Letter from Harold Gorton to his wife

EGortonHGortonLCM440607-01.pdf

Title

Letter from Harold Gorton to his wife

Description

He writes of his car and the start of the allied invasion.

Creator

Publisher

IBCC Digital Archive

Date

1944-06-07

Contributor

Tricia Marshall

Rights

This content is available under a CC BY-NC 4.0 International license (Creative Commons Attribution-NonCommercial 4.0). It has been published ‘as is’ and may contain inaccuracies or culturally inappropriate references that do not necessarily reflect the official policy or position of the University of Lincoln or the International Bomber Command Centre. For more information, visit https://creativecommons.org/licenses/by-nc/4.0/ and https://ibccdigitalarchive.lincoln.ac.uk/omeka/legal.

Format

Three handwritten sheets

Language

Identifier

EGortonHGortonLCM440607-01

Temporal Coverage

Transcription

Scampton.
Wed. 12.00 hrs
7/6/44.
Dearest,
I was going to write to you last night, but was unable to do so.
I collected the car on Monday night. It certainly runs very well & seems to have nothing wrong with it – except, perhaps, the fact that 40 m.p.h. is its top speed.
Swaby hadn’t much petrol on Monday, so he just gave me enough to take me to Scampton & back, & then I collected some more (2 galls) last night. I took a car-load with me, because an Australian on the course wanted to buy Swaby’s Ford, so I took him & a friend out too.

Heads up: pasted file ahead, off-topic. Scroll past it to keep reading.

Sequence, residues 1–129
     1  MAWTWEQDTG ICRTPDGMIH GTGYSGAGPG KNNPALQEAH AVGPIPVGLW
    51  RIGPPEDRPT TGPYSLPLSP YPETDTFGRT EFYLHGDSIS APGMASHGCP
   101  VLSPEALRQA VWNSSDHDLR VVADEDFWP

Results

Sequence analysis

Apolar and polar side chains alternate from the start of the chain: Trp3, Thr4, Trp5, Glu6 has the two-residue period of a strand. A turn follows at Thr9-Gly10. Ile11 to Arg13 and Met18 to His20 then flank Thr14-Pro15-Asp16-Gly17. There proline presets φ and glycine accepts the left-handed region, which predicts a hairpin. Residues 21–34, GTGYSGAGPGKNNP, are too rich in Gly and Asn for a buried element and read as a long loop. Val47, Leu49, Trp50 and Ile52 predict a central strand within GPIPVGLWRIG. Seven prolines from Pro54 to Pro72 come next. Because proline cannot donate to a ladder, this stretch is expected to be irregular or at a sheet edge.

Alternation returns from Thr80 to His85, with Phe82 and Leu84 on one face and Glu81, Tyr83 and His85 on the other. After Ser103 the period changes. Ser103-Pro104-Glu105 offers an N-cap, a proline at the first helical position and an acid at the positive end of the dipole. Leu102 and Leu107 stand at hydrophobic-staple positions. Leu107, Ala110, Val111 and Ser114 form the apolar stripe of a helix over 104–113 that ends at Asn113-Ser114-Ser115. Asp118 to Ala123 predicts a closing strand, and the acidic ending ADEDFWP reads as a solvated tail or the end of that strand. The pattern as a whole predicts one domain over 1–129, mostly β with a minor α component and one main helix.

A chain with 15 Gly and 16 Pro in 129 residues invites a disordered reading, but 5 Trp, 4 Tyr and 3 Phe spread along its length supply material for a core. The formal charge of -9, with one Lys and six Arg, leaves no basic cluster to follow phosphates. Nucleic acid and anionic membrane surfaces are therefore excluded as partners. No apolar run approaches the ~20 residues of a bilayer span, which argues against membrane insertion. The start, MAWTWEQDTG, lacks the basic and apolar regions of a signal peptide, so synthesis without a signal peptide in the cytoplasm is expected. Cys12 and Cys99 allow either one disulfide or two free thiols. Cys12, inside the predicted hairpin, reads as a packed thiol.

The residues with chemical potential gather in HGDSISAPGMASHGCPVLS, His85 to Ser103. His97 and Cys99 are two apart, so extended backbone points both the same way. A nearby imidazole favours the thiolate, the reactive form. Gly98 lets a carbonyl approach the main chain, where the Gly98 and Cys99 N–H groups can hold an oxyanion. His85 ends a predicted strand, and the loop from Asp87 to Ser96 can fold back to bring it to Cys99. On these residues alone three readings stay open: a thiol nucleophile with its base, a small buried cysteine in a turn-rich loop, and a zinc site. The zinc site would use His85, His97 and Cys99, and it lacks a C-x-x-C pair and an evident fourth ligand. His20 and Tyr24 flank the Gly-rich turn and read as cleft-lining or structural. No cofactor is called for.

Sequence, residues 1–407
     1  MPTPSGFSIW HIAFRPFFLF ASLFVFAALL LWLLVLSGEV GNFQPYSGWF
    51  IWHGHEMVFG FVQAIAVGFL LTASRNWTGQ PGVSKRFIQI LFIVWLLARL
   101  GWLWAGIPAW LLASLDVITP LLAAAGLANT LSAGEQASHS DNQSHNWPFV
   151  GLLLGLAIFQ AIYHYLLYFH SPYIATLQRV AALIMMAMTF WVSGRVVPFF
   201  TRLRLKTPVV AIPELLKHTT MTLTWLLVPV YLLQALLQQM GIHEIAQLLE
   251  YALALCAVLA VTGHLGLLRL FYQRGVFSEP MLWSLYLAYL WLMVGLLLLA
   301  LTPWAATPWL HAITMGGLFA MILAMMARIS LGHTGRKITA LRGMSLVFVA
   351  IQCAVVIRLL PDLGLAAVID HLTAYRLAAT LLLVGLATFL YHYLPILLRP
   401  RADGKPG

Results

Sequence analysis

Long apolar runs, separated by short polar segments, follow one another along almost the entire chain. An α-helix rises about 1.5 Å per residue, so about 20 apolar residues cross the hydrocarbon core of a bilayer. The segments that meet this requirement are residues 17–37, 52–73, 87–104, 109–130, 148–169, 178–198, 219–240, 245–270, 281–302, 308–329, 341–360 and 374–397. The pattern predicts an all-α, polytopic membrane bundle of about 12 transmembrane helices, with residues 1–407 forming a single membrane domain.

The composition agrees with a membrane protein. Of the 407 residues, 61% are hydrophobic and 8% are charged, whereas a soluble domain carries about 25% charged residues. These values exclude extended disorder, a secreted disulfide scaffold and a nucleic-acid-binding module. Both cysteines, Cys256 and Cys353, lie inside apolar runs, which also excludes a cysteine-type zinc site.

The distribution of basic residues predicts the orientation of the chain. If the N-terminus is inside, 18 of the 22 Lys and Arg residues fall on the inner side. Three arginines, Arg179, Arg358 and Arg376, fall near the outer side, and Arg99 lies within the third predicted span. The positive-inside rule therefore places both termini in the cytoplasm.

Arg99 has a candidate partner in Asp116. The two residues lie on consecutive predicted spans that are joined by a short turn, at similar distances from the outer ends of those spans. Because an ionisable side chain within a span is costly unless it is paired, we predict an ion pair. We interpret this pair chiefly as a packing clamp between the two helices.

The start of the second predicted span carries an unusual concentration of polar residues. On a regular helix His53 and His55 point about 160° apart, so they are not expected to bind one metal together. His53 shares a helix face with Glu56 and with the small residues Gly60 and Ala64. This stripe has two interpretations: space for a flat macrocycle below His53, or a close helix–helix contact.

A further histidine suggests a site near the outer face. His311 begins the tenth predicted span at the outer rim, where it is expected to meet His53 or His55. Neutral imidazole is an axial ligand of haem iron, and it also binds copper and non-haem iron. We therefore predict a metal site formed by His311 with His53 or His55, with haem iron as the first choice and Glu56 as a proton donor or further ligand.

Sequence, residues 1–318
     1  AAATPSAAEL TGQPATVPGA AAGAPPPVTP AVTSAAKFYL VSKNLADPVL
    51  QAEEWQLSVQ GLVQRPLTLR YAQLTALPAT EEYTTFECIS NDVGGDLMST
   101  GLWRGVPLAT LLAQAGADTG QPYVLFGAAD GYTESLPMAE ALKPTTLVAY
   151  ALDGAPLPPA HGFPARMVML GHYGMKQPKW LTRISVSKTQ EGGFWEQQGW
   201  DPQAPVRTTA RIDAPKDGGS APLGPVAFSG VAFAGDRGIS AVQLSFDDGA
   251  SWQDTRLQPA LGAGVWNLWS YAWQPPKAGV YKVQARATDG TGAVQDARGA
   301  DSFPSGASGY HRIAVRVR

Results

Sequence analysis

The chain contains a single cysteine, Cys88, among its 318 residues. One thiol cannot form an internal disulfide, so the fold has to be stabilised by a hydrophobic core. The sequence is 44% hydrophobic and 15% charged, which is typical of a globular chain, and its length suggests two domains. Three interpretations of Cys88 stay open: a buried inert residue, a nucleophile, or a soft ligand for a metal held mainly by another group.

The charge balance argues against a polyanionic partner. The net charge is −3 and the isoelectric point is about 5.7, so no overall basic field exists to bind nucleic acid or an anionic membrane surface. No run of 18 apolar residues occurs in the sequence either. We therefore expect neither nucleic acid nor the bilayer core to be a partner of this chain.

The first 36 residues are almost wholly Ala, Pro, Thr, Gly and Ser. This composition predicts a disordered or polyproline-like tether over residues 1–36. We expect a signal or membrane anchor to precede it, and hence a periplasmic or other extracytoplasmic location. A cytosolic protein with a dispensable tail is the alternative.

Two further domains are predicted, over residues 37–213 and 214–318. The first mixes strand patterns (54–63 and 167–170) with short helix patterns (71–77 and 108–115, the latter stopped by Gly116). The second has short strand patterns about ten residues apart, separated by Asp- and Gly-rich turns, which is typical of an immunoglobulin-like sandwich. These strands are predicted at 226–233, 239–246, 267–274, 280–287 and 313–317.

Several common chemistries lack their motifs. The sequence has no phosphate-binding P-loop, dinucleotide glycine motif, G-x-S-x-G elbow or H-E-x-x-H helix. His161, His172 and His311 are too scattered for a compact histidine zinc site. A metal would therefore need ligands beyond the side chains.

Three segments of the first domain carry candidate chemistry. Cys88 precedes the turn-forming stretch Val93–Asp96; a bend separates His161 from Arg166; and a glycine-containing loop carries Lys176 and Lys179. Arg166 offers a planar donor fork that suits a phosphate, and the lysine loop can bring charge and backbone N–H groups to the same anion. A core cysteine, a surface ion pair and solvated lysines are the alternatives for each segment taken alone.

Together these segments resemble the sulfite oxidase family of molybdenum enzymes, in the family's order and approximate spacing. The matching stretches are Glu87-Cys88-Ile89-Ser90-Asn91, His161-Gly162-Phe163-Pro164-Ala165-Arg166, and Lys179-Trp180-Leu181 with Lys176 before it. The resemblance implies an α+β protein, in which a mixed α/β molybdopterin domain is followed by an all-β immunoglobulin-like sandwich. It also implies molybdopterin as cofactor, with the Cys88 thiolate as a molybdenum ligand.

[page break]
2.
The rest of my time yesterday I was either busy packing or talking to blokes who were continually dropping into our room yesterday. As one of the blokes said, “This course has gone car mad.”
I’ve got only half a gallon coupon for the journey as it is less than 18 miles to Wigsley.
The invasion doesn’t seem to have caused much excitement here (The “Times” went mad, however, its headlines were in print 1 1/2 “ big!) My chief feeling, apart from relief now it’s started, is regret that I wasn’t on that raid on Monday night.
[page break]
3
There seemed to be lots of things I wanted to say, but I’m writing this in the Mess & find it hard to concentrate.
Anyway darling, you can be sure that I shall use as little of my petrol as possible, so that I shall be able to take you out in it. I really begrudge every teaspoonful I use until the time when you are sitting next to me.
All my love, darling,
Harold.

Collection

Citation

Harold Gorton, “Letter from Harold Gorton to his wife,” IBCC Digital Archive, accessed November 22, 2019, https://ibccdigitalarchive.lincoln.ac.uk/omeka/collections/document/9245.

Item Relations

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